The proposed law would also give the Commission the power to issue recommendations to states acting in a manner inconsistent with the 2050 objective on the same five-yearly schedule. Once again, this process of review of national measures and recommendations would be on top of those already legislated for in the Governance Regulation for the period up to 2030.
Under this Regulation the Commission, on an annual basis, assesses whether a Member State is on track to reach its targets set out in the ESR and LULUCF Regulation and its integrated national energy and climate plans. The Commission shall issue recommendations to a Member State if policy developments in that Member State show “inconsistencies” with its objectives, taking into account the latest country-specific recommendations issued in the context of the European Semester.
The obligation of the Member State is to take due account of the recommendation “in a spirit of solidarity between Member States and the Union and between Member States”. It must set out in its integrated national energy and climate progress report made in the year following the year the recommendation was issued, how it has taken due account of the recommendation. If the Member State concerned decides not to address a recommendation or a substantial part thereof, that Member State shall provide its reasoning (Article 34 of the Governance Regulation). Essentially the same wording is carried over to the new Climate Law.
The Commission comments as follows in its explanatory memorandum to the Climate Law:
The aspect of Commission recommendations to Member States as set out by the proposed Regulation is complementary to the recommendations issued in the context of the European Semester. While the European Semester focuses on macro-economic and structural reform issues which also encompasses climate issues this initiative addresses specific policy developments inconsistent with the climate neutrality objective or trajectory towards climate neutrality.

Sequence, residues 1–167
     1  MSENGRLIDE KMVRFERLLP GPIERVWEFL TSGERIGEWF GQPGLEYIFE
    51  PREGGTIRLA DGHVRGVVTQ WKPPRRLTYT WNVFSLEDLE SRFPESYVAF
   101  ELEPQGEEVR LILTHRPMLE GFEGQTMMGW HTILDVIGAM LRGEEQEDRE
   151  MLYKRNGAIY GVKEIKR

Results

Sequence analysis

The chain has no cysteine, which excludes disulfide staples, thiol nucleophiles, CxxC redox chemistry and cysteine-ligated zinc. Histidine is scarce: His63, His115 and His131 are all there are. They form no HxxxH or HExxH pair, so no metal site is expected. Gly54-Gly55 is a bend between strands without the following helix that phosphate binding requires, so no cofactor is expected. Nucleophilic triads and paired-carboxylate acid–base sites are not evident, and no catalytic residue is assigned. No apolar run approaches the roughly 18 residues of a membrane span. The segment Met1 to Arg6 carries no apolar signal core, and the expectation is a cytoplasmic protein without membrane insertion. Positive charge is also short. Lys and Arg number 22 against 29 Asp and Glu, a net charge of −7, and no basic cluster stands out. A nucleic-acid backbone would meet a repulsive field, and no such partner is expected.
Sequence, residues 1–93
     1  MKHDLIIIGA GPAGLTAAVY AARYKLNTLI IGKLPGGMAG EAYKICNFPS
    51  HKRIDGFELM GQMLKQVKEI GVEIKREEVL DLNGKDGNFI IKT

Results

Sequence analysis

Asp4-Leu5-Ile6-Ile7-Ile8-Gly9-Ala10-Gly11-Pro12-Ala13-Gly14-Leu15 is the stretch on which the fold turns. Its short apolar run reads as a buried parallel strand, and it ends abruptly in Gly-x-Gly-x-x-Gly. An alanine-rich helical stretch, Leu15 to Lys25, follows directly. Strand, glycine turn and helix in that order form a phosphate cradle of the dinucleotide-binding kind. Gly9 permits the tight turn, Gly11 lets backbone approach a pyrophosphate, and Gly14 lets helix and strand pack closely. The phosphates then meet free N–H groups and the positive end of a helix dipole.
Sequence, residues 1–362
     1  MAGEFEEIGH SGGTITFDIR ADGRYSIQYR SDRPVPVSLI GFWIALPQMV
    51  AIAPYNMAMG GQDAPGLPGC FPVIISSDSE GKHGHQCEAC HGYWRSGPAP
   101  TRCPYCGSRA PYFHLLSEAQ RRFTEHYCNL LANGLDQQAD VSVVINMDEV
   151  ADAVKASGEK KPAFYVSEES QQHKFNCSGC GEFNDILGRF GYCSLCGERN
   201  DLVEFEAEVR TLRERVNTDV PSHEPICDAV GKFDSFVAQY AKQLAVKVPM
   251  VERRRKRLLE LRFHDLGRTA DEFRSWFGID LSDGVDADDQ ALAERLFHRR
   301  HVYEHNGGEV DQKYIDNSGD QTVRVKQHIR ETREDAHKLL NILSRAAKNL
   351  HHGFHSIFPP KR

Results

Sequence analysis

Recital (16) of the proposed Regulation notes that “The European Council, in its Conclusions of 12 December 2019, stated that all relevant Union legislation and policies need to be consistent with, and contribute to, the fulfilment of the climate-neutrality objective while respecting a level playing field, and invited the Commission to examine whether this requires an adjustment of the existing rules.” As part of Article 5, the Commission has proposed a “do no harm” clause so new initiatives will have to be compatible with climate neutrality.
The Commission shall assess any draft measure or legislative proposal in light of the climate-neutrality objective … and include this analysis in any impact assessment accompanying these measures or proposals, and make the result of that assessment public at the time of adoption.
This is a welcome attempt to introduce climate-proofing into consideration of new EU legislation. The weakness is that it is the Commission itself which is both judge and jury of whether new legislation it proposes is consistent with the climate-neutrality objective. One needs only to look at how the Commission has proposed to measure climate mainstreaming in the EU budget to realise that this is a pretty ineffective safeguard.
If the Commission wants to take climate-proofing seriously, then it should set up the equivalent of an independent Climate Council that now exists in many Member States as well as in third countries such as New Zealand to hold national governments to account in their climate policy. This would be different to the Climate Committee set up under Article 44 of the Governance Regulation which is a comitology committee of Member State representatives and which assists the Commission in drafting non-legislative acts. An independent Climate Council should be given the power to review the Commission’s assessments of progress, to make recommendations on additional measures that might be necessary, and to conduct climate-proofing of proposed legislation.